By Jim Doyle
Jim Doyle is REIX defence counsel in Alberta, but the same principles apply to our subscribers in Saskatchewan. SRA and SREC provide forms in Saskatchewan.
As the calendar turns to a new year, it is often a good time to reflect on some of the basic principles that are vitally important to the practice of every truly professional real estate agent.
The relationships between licensed real estate agents and their clients are the very relationships that created this industry. In turn, the fiduciary obligations owed by an agent to their client are the bedrock of that relationship.
When deciding any dispute between an agent and client, our courts will evaluate the nature and scope of the fiduciary relationship on a case-by-case basis. However, some common principles have become clearer over time.
As you might expect, REIX has been involved in a great many of these cases over the decades. A recent successful REIX defense of Alberta agents has helped us to further clarify the essential elements of the fiduciary duties owed by every agent in Alberta.
While each case is assessed on its own facts, we know that every fiduciary obligation owed by you to a client has its origin in the confidential nature of the relationship that begins the moment you are engaged by your client – regardless of whether that client is a seller or a buyer.
From that moment forward to the conclusion of your relationship (hopefully following a successful transaction!) your client is entitled to EXPECT that you will faithfully promote that client’s best interests even when those interests may conflict with your own.
What this means, from the perspective of our courts, is that your client will be expected to rely on your expertise. What then are the areas of expertise in question? While this should be second nature, the short answer is: the areas in which you have been trained and licensed.
To be clear then, your client is ENTITLED to rely on your training and licensing throughout your dealings. That reliance by nature puts your client in a position of very special vulnerability should you breach your fiduciary obligations. That is why the core elements of that obligation – namely the client’s trust, confidence and reliance on your expertise – must always be fulfilled.
Know Your Limits
A sometimes-forgotten component of this obligation is your responsibility to ensure that your client knows not just the fullness of your expertise but also its limits.
For example, a professional real estate agent should not (absent those technical certifications) be giving structural engineering advice. To even attempt to do so would be an immediate breach of your fiduciary obligation to your client. In short, the rule is that if you lead your client to believe that you have certain expertise, they are entitled to reasonably rely on you with respect to that purported expertise.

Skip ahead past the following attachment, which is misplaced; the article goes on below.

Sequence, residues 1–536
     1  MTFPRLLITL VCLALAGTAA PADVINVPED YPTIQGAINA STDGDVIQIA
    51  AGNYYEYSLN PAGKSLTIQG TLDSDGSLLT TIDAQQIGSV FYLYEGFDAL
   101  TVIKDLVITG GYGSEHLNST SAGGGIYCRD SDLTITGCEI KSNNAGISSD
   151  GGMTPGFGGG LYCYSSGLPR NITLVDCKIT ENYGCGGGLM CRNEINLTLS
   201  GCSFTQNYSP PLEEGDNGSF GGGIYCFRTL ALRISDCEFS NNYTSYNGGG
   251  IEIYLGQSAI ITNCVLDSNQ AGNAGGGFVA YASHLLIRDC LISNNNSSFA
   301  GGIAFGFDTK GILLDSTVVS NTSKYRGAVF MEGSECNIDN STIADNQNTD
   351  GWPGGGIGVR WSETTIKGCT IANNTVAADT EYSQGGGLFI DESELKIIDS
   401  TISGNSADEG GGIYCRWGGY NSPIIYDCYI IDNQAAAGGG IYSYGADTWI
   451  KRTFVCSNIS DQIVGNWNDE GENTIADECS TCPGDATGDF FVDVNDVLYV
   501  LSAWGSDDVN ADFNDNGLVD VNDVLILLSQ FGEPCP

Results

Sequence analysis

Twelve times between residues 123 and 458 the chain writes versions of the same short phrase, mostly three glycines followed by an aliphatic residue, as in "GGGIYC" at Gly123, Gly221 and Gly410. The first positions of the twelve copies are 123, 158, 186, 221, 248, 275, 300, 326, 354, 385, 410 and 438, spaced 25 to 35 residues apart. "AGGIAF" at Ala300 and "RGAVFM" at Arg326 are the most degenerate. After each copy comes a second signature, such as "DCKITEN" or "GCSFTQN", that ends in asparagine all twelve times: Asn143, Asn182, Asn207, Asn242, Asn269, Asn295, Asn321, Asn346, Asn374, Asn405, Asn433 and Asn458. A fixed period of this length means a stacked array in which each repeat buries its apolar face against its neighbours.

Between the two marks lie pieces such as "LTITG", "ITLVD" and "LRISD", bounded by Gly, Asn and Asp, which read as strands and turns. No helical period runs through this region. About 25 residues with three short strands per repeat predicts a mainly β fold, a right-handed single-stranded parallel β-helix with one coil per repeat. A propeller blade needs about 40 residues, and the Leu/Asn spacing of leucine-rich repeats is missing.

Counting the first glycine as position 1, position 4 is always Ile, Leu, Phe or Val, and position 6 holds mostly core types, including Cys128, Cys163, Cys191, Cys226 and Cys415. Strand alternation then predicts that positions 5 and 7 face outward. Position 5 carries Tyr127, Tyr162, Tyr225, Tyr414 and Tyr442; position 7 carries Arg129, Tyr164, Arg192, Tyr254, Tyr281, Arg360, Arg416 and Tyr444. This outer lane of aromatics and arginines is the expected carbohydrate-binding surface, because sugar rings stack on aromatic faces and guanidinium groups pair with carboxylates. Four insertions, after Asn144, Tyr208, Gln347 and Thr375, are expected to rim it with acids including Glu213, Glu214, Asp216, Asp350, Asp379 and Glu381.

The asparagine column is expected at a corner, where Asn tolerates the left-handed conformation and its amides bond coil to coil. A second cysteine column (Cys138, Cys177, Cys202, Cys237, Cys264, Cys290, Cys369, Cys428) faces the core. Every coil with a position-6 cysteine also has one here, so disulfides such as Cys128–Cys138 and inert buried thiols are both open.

Another general principle that arises within your client relationship in your fiduciary obligation to disclose relevant facts within your knowledge that would materially affect your client’s decision-making process.
There is also a general expectation that the real estate transaction that results from your involvement must, at its core, be a reasonable one that properly accounts for your client’s best interests. It must be, as our courts say, a “righteous” transaction.
It is also important to remember to whom your fiduciary obligations are owed. If both sides of the deal have their own agents, your fiduciary obligation is owed to your client alone. Should you become involved in both ends of a transaction, your fiduciary obligations become both more complex and will be owed to both sides of the deal. Beware.
Finally – at least for now – you must also be aware that the content of your fiduciary duty can be both clarified and to some extent modified by agreement between you and your client. Your AREA standard form representation agreements each specifically address elements of your fiduciary obligations when they set out the duties and obligations owed by you and your broker to your clients.
Every true professional will understand and fulfill these obligations in every client interaction.
The Real Estate Insurance Exchange (REIX) provides mandatory errors and omissions insurance to approximately 13,500 Alberta and Saskatchewan real estate industry members and protects them from financial loss due to negligent acts while performing their real estate duties. Follow us on Facebook!